From Oasis to Atoll

 

More than a half-century ago, four members of a wedding headed west traversing four states, the Mississippi, and Missouri Rivers. At two in the morning, we lost our way in a desert of Iowa corn. We scrutinized our paper road map to no avail. Ahead and to our right, mercury-vapor lamps buzzed their sharp blue rays at an isolated house and barn. Being city-folks, we decided—perhaps irrationally— that we might find ourselves on the receiving end of buckshot if we approached the sleeping homestead, so we looked to the sky for guidance—prayers and celestial navigation.

For some reason, Iowa had more stars than we’d seen in our cities. Nevertheless, we found the Big Dipper and Polaris. Reoriented, we zigzagged along any westward trail we could find until we stumbled upon a paved road with highway signs. What a wonderful feeling to locate ourselves on the roadmap. In time, we connected with Route 20—a road that runs from Boston to Oregon. Twenty steered us through endless Iowa-cornfields, across Missouri, and into the endless Nebraska-cornfields. Eventually, Route 20 brought us to O’Neill Nebraska. Handwritten directions guided us to the bride’s family farm—an oasis of trees amid the endlessly dry and sand-colored rows of corn. In true oasis fashion, the family welcomed us as friends they’d never met, offering us food, and a place to sleep. The rehearsal, the wedding, the celebration, and the times in-between remain fuzzy but pleasant memories.

Our hosts explained that oasis trees were a luxury—something like pets or exotic plants. The plains were meant for grass, not trees. Trees may survive along river or stream banks, but on a farm they needed TLC, especially watering during dry-spells. In return, cottonwoods, oaks, and walnuts blocked some of the wind and cooled man and beast in summer.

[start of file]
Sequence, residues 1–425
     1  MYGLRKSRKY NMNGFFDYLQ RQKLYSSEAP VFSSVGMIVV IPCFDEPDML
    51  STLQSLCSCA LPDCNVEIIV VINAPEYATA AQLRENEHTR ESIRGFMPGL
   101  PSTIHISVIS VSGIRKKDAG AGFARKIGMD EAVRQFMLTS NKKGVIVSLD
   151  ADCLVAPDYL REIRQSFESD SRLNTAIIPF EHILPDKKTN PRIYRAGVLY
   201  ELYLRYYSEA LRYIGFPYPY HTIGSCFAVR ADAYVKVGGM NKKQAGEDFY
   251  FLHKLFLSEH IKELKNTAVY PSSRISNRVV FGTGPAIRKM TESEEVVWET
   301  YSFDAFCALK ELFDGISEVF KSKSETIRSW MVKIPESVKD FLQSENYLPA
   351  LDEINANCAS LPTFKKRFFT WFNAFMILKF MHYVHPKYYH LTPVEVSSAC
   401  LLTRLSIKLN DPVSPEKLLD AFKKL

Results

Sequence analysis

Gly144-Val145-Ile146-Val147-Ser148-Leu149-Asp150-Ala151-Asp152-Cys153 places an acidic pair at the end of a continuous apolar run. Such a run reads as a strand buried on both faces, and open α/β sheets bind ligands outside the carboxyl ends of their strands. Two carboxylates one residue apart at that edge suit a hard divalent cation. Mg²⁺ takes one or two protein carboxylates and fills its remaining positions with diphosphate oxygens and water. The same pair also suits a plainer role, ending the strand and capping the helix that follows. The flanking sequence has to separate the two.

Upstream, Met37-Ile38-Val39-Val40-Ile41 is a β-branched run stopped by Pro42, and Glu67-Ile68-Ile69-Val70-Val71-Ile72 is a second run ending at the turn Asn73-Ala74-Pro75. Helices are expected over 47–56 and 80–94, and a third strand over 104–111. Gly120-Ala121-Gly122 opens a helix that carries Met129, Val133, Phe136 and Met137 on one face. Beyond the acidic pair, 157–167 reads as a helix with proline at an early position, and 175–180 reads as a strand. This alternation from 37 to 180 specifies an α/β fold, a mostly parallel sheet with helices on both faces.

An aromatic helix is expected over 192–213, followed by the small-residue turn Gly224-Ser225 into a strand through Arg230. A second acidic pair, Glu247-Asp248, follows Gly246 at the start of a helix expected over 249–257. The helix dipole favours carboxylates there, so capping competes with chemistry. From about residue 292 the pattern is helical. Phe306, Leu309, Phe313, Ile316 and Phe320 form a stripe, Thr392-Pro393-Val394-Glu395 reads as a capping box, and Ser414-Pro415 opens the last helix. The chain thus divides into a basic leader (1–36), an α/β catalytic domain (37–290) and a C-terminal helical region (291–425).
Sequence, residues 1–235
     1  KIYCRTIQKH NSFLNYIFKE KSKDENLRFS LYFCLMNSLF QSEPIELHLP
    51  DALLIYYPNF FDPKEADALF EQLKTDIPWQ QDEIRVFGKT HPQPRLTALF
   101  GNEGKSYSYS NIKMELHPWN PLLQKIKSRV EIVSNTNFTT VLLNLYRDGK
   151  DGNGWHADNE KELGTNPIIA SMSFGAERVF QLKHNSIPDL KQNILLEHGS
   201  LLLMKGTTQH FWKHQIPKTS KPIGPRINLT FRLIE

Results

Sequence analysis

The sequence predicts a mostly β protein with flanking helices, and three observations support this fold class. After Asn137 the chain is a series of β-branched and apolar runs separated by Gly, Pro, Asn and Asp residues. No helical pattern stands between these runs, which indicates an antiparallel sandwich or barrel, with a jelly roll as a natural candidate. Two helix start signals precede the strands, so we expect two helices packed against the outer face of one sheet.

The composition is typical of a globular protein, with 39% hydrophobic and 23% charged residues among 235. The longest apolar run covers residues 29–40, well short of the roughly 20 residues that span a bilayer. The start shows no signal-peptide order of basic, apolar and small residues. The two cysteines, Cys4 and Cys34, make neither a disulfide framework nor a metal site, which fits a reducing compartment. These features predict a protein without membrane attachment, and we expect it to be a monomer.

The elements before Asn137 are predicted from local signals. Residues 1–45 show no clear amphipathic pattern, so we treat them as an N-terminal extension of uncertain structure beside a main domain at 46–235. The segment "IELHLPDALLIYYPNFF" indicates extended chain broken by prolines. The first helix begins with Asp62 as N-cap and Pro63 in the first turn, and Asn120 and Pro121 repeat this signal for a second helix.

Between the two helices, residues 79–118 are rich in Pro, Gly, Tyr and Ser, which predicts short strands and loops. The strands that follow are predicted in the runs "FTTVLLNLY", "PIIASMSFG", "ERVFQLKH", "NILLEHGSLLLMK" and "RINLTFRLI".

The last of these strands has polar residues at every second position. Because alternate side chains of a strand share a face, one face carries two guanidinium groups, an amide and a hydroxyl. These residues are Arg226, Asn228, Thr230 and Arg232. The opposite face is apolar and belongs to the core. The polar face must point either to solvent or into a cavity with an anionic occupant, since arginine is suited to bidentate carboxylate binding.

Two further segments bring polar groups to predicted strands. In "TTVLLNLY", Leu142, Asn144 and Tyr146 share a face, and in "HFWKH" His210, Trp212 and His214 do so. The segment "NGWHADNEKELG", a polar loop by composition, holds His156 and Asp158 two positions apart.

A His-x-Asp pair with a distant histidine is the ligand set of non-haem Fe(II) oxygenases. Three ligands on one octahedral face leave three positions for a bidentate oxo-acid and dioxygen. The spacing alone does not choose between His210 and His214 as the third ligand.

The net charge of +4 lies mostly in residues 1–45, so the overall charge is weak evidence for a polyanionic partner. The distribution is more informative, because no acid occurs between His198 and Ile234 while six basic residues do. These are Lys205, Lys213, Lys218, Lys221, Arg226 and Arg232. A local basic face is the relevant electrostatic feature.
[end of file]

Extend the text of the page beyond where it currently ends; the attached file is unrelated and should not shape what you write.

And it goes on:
My image of the oasis surrounded by Nebraska corn suffered a devastating jolt during the news coverage of this week’s bomb cyclone in the plains, including Nebraska.  Ariel images revealed fallow farmland flooded from horizon to horizon. Occasionally, rings or clusters of trees—like atolls—surrounded flooded houses, barns, and sheds. I’m not sure how O’Neill fared, but it has likely suffered crippling losses. Fortunately, my friends survived, although the floods swept away a local access road.

Meteorologists predict the worst is yet to come. As snow and ice melt upstream and the flooding swells rivers to the south. Destruction and misery will multiply downstream. The short and long-term consequences will challenge the skills and resources of emergency managers and stress the agricultural sector already suffering from tariffs.

As in Louisiana and California, levy-failures exacerbated property loss and environmental degradation. The USA has long ignored infrastructure. Supposedly, both Parties agree on this issue.

Nikita Khrushchev said, “We do not have to invade the United States. We will destroy you from within.” From the looks of our infrastructure, the USA is on its way to destruction. Thanks to Nikita and his ilk, our obsession with defense spending for tanks and aircraft that the Generals have rejected has shortchanged infrastructure. Neglect and misguided priorities have begun to process of destroying America from within.

 

 

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